Performing Court-Ordered Psychological Evaluations
Vital assessments are conducted by forensic psychology professionals in courts.
Posted November 5, 2020 | Reviewed by Ekua Hagan
As readers learned in previous posts, forensic psychology has many avenues. Today, we explore the role of "house" psychology professionals within the courts. Just as treatment providers encounter an unending array of presentations that keep their work interesting, so, too, do forensic evaluators. Evaluations are often complex and have the additional component of legal considerations.
You're probably familiar with psychologists being cross-examined on the stand. Such is the life of expert witnesses and private evaluators hired by attorneys hoping for specific outcomes. However, did you know that most courts have Court Clinics, built-in psychological evaluation services? Practitioners are usually psychologists, master's level clinicians, and sometimes psychiatrists.
In adult courts, the work is primarily that of psychologists performing a few different types of evaluations:
Competency to stand trial
These evaluations examine the defendant's ability to understand the charges against them and the proceedings of the court. Competence is important because defendants need to be informed participants in their defense. If attorneys or judges believe a defendant may have a psychological illness or defects inhibiting their ability to understand proceedings, they can request such an evaluation. Court psychologists may attend to the individual in a court-based office, or, if they are detained, in a facility.
Jurisdictional criteria and case law set criteria for competence. In Massachusetts, the definition of competence is whether the defendant has sufficient present ability to consult with their lawyer with a reasonable degree of rational understanding. It also includes whether they have a rational as well as factual understanding of the proceedings.
Competence evaluations examine not only mental status, but explore various judicial items with defendants. These include processing and reasoning abilities around items such as the nature of a charge or what it could mean to accept a guilty plea versus going to trial. If competent, the defendant reappears in court and proceedings continue. If found incompetent, a case might be put on hold until competency is restored. Restoration requires stabilization/educating the defendant about proceedings. However a person is found, the clinician may be required to provide testimony, but that is not a given, like in the next evaluations.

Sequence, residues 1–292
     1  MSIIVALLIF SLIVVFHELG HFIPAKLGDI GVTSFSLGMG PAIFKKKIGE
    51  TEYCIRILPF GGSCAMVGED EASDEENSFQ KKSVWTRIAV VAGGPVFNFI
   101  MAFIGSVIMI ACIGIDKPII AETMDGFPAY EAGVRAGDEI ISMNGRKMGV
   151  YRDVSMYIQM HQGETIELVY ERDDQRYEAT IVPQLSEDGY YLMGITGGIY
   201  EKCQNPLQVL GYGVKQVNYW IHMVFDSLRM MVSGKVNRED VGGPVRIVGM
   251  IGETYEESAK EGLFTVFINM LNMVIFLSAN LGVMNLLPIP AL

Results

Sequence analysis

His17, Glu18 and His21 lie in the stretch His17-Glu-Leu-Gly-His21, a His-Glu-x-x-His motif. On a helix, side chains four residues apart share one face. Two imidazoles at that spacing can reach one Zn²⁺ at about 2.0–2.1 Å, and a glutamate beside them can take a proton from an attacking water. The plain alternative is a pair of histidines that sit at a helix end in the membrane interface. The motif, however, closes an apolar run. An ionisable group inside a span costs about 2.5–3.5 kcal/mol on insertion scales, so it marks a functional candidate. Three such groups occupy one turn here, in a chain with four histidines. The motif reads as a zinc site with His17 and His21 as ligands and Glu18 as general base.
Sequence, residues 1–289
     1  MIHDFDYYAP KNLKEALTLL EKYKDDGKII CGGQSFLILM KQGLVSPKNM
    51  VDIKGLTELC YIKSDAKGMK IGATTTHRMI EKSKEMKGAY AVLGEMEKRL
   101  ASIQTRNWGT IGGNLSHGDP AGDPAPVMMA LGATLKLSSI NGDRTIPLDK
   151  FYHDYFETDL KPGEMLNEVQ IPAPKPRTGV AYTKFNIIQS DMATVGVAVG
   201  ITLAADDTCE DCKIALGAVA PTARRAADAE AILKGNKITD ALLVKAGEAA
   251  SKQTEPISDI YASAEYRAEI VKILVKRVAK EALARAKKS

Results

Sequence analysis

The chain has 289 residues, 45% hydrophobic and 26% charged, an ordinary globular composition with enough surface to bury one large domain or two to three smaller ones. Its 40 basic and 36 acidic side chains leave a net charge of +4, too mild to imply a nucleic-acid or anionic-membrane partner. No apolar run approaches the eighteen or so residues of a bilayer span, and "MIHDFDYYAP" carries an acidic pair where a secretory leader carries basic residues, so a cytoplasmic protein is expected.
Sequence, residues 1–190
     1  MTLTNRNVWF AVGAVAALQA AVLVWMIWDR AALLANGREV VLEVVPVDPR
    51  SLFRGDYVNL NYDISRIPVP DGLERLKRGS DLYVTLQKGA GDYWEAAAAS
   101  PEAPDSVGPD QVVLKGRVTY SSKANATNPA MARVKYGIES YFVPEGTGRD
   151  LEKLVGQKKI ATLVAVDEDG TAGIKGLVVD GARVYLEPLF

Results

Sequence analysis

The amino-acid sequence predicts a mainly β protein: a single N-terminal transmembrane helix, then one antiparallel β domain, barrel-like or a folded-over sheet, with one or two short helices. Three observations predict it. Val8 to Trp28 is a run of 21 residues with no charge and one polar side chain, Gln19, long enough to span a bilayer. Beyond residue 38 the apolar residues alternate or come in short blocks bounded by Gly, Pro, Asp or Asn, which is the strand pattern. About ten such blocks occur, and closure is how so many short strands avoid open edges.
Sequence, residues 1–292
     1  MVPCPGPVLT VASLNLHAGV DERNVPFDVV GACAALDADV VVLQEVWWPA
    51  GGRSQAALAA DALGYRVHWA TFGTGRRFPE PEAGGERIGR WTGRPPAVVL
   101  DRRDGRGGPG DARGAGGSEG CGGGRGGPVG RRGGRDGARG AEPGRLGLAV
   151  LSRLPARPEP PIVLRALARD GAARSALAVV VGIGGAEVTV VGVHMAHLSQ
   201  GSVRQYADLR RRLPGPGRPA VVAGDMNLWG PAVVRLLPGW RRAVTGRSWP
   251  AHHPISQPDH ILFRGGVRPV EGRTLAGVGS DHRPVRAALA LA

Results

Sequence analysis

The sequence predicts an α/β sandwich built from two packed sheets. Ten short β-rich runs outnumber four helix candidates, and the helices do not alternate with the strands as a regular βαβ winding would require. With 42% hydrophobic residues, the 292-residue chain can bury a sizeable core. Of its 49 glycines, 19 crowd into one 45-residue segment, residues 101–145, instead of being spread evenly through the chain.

Responsibility evaluations concern determining whether an accused individual was influenced by a mental defect such that:
- They were unable to appreciate the wrongfulness of the unlawful activity, or
- They were unable to make themselves behave lawfully
As readers may imagine, depending on the gravity of the charges, much is at stake and there may be a push for an insanity defense. It is important to remember, however, that just because someone has a mental illness does not mean they are unable to tell right from wrong. Examiners may spend a lot of time determining if someone is malingering or faking impairment for the desired outcome.
If motive, intent, and planning for the alleged crime can be established, a not guilty by reason of insanity (NGRI) defense is usually moot. In fact, a survey of NGRI statistics shows a trend that less than one percent of cases with this defense is successful. Some cases get interesting, for example, where motive, etc, are established, but the person was influenced by psychosis.
Emergency substance abuse and psychiatric crisis evaluations
With the flux of the opiate epidemic, some states had an increase in petitioning for involuntary commitment to substance abuse treatment. In Massachusetts, the number of filings nearly doubled between 2010 and 2018. Since such commitment requires a court petition, it makes sense that Court Clinic personnel perform the evaluation.
While this is a civil matter, if the individual refuses to come to court, an arrest warrant may be issued given the potential danger the person poses to themselves or others. For commitment, an examiner must find the person dangerous to themselves and/or others because of the effects of substances. Attorneys can challenge findings and examiners may find themselves badgered on the stand like any expert witness. Ultimately, it is not the examiner's role to ensure the person gets committed. They simply explain to the court their professional opinion, and it is up to the judge. This is true in both adult and juvenile courts.
Psychiatric crisis evaluations are requested when someone presents acute mental health problems within the court. A risk assessment is performed by a Court Clinician, and if deemed at risk, just like in a community setting, they may are hospitalized.
If you are in a doctoral or psychiatry program and the above piques your interest, locating internships or post-doctoral fellowships in courthouses will lay a good foundation. Should you be a master's level practitioner and want to work in a Court Clinic, don't fret! In the next post, we'll compare adult and Juvenile Court Clinicians' work.
Massachusetts Government. (2020). Section 15. https://malegislature.gov/Laws/GeneralLaws/PartI/TitleXVII/Chapter123/S…
Massachusetts Government. (2020). Section 35: the process. https://www.mass.gov/service-details/section-35-the-process#